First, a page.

PING PONG RULES
Basic ping pong rules, or to give them their correct title - The Laws of Table Tennis - are the same for both amateurs and professionals, BUT for higher levels of play there are many additional regulations which supplement these simple ping pong rules.
How many of these additional regulations are actually used will depend upon the standard of the competition being played, and whether the organizers have adopted all or any of them.
For now, let's just take a look at a few of the basic ping pong rules you'll need to know in order to play a game with your friends.
Until 2001, a table tennis game was played up to 21 points. But in order to make the game more exciting, have more "crucial" points, and make it more appealing to television viewers, the rules of table tennis have been changed.
A game of table tennis is now played up to 11 points. The winner is the player or pair who first scores 11 points, unless both players or both pairs score 10 points (called deuce). Then a game will be won by the first player or pair to gain a two-point lead.
Before you start a game, you'll need to decide who's going to serve first.
If you're just playing a game with friends, you can use whatever method you like to decide this, but the official rules of table tennis say that it's decided by lot, usually by tossing a coin or disc with two distinct sides.
However, a common method at lower levels of play is for one player (or the umpire) to hide the ball in one hand, then put both hands under the table or behind their back, and then ask the opponent to guess which hand the ball is in.
Although the winner of this usually serves first, he/she actually has three choices:
elect to serve first
make the opponent serve first
decide which end of the table he/she prefers to play at first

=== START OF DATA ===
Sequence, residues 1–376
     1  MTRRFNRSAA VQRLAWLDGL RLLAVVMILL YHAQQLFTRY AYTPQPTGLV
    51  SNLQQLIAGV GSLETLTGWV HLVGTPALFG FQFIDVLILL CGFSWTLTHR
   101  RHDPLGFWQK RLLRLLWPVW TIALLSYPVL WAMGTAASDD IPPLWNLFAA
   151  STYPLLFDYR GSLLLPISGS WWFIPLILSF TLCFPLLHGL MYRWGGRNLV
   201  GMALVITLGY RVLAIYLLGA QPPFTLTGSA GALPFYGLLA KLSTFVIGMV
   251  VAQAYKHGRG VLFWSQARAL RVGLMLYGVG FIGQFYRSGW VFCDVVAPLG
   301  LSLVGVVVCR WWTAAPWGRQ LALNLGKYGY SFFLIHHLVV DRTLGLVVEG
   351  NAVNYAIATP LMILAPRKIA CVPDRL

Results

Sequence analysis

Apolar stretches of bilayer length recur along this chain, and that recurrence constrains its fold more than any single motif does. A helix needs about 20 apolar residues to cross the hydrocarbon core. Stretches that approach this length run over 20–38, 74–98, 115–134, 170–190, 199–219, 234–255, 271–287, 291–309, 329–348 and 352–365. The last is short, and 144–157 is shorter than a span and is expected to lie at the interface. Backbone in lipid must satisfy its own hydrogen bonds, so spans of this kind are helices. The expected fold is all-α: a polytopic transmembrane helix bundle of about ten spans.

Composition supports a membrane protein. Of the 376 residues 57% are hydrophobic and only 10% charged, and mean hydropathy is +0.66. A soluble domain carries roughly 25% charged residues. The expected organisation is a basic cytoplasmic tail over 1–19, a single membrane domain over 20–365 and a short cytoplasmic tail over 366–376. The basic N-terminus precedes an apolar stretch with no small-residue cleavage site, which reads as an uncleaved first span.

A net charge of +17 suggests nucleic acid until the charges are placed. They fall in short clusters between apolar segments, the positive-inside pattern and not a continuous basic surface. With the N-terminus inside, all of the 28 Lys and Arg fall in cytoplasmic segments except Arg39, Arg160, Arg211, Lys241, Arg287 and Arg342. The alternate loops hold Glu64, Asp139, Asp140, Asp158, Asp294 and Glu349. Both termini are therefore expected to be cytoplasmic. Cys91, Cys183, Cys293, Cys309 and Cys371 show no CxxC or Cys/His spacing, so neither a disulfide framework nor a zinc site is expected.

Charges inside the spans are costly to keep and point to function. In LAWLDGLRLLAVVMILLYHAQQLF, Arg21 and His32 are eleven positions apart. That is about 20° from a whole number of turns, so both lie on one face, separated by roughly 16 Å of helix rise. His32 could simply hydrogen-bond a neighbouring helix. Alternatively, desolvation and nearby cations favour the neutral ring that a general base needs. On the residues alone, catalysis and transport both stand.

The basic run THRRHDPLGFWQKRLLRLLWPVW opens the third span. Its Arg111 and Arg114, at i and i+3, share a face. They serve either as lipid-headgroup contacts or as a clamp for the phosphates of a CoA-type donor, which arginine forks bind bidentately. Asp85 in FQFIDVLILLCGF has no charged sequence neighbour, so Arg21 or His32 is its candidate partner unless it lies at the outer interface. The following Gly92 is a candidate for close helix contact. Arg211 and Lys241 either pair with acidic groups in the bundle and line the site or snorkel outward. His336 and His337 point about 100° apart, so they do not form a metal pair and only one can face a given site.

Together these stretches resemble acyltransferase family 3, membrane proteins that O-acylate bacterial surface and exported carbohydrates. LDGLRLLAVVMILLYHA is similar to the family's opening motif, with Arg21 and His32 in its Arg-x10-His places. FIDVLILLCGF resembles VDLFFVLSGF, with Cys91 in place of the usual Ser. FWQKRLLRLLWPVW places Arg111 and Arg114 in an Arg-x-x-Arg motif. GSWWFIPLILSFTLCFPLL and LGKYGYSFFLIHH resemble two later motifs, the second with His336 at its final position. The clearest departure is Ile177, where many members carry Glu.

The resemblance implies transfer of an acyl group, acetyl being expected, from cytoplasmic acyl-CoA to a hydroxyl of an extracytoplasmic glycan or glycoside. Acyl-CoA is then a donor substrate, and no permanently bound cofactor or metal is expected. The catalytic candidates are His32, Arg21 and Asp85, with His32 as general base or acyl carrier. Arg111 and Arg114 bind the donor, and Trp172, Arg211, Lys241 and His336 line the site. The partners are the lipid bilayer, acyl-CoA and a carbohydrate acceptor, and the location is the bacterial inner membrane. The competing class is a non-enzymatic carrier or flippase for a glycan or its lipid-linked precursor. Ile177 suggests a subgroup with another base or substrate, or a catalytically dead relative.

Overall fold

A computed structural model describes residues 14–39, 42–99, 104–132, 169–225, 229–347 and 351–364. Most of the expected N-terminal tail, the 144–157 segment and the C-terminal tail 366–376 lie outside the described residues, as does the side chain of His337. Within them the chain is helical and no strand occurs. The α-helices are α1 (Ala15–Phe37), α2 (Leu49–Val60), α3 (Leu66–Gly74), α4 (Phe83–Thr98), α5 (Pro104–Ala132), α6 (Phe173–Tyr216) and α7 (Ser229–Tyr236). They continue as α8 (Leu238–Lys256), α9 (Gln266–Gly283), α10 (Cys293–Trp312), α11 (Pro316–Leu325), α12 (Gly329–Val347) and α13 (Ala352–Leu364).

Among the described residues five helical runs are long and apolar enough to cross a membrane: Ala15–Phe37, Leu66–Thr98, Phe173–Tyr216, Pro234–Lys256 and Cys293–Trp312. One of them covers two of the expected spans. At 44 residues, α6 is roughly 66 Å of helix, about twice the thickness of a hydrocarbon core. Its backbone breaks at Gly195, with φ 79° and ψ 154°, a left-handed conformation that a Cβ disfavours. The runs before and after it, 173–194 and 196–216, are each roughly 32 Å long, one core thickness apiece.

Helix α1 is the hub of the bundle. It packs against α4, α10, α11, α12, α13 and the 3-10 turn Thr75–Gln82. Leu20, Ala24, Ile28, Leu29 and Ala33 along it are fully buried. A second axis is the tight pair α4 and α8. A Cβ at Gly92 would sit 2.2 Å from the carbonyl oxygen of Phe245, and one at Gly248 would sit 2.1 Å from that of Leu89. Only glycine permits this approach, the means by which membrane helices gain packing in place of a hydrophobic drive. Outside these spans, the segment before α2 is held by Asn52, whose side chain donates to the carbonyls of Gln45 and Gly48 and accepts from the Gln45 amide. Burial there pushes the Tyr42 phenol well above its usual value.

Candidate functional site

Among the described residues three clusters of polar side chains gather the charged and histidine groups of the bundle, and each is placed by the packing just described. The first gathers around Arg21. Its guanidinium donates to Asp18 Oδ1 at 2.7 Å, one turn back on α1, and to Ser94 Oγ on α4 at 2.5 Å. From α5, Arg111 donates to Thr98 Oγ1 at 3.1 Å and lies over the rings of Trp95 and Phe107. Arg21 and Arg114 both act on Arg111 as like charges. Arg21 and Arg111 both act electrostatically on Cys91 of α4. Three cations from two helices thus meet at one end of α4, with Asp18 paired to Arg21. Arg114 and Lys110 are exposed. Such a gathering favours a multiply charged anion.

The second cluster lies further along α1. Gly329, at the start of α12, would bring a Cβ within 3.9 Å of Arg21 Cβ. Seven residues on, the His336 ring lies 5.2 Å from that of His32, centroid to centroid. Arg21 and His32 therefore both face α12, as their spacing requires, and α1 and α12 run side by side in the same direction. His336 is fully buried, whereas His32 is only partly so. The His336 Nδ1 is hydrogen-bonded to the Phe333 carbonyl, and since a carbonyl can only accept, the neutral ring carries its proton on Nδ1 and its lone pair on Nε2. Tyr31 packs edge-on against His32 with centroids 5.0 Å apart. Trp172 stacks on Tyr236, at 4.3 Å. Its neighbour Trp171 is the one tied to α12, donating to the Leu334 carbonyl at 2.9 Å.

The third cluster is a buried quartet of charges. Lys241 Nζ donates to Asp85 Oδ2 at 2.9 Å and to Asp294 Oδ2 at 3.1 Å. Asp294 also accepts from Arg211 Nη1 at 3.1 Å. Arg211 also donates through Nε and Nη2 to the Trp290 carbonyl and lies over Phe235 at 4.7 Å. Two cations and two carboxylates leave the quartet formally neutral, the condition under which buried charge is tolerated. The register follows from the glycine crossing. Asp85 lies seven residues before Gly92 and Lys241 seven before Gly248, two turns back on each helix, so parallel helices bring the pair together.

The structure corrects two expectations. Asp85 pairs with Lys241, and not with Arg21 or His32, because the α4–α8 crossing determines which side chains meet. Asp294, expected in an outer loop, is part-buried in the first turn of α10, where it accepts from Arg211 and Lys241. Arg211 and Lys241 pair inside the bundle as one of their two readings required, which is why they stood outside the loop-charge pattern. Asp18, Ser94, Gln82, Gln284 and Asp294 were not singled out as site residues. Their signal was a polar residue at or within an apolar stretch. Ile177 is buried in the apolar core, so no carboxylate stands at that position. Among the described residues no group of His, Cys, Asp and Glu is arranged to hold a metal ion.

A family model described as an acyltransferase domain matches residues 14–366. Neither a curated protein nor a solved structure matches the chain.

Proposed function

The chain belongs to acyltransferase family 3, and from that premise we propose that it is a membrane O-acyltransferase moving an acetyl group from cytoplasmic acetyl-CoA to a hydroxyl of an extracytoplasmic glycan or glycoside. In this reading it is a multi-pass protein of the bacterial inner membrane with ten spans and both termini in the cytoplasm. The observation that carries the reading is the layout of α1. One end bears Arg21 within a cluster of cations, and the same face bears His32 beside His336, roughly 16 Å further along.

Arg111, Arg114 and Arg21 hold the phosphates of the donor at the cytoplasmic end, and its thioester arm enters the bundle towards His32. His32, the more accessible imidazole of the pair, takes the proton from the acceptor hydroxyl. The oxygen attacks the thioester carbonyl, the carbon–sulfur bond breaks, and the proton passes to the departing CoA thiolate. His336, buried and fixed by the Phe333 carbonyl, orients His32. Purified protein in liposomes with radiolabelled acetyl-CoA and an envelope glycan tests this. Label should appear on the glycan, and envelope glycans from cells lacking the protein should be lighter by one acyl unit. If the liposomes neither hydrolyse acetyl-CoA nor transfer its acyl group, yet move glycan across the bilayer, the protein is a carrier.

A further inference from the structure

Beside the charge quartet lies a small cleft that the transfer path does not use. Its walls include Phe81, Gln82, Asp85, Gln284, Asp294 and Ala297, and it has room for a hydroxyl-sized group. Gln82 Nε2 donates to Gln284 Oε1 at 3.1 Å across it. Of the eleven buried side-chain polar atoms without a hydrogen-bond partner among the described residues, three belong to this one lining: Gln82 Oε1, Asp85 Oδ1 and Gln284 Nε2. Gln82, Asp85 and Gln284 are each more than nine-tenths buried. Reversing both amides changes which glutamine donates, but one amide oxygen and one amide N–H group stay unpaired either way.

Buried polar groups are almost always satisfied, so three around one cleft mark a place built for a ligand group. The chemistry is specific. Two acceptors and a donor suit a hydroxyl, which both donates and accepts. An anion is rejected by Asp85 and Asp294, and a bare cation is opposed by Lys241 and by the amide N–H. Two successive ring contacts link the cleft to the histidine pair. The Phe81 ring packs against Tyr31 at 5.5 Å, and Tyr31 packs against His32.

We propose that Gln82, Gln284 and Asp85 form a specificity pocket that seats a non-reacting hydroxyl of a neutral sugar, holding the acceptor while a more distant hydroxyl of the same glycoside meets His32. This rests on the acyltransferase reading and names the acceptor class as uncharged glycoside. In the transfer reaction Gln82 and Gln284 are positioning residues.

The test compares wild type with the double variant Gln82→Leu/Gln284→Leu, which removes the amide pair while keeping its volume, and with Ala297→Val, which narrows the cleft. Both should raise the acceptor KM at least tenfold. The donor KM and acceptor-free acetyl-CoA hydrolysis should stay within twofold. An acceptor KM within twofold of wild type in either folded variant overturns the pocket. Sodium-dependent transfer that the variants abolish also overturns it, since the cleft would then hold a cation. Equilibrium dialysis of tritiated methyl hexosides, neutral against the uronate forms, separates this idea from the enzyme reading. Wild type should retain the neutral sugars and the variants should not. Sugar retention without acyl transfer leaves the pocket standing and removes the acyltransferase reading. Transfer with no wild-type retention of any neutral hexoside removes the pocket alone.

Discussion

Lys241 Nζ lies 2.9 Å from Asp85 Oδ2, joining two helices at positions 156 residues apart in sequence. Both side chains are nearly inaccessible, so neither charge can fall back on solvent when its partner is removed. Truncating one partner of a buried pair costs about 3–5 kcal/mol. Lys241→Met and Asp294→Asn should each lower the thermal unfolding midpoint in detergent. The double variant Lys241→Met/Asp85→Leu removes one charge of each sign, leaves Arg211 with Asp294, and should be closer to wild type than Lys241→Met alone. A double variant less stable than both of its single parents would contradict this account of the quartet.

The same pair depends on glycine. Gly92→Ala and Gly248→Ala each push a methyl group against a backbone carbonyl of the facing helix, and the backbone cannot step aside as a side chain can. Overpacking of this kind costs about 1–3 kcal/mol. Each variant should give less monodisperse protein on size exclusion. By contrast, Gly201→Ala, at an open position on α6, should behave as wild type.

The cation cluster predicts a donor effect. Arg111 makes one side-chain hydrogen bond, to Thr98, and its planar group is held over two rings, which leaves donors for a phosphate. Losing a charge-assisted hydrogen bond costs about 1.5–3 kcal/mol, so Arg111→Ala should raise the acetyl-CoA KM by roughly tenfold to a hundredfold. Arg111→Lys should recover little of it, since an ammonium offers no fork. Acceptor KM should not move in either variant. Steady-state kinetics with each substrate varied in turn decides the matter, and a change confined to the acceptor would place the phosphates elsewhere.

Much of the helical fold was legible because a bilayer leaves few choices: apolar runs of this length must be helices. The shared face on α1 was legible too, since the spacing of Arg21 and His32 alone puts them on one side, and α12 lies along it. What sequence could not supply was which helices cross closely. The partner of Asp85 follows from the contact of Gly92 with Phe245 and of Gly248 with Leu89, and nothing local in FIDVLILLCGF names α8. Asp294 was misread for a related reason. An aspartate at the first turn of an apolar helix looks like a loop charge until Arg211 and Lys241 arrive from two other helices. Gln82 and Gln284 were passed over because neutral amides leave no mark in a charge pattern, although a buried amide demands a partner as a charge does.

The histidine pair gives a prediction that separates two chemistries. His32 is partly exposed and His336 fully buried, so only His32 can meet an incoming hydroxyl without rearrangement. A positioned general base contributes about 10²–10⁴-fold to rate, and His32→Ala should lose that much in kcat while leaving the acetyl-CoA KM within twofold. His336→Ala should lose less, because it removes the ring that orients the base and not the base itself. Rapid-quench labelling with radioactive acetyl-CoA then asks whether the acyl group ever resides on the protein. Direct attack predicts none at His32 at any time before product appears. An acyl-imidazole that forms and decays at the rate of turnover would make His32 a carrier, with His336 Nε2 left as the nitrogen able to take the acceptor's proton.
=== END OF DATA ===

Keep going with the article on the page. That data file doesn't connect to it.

If the winner chooses a particular end of the table, his/her opponent then has the choice of whether to serve first or to make the opponent serve first.
If the winner chooses to serve first, his/her opponent then has the choice of which end of the table he/she prefers to play at first.
Ping pong serving rules have been changed many times in recent years in relation to the service law, but for a casual game of table tennis, ping pong serving rules remain very simple.
The server must stand behind the end of the table to serve.
The basic serve involves holding the ball in the palm of your non-playing hand and throwing it upwards.
As the ball is falling, you must hit it with your racket (also known as a paddle or bat), held in your playing hand so that it bounces once on your side of the table, and at least once on your opponent's side of the table.
If your opponent allows the ball to bounce more than once on their side of the table, they will lose the point.
The ball may bounce anywhere on both sides of the table and, unlike tennis, you don't have to serve to one part of the table - unless you're playing doubles.
If the ball touches the net and still bounces on your opponent's side of the table, the service must be replayed.
However, if the ball touches the net and does not bounce on your opponent's side of the table, the server loses the point. The ball is "in play" from the moment that the server deliberately throws the ball up.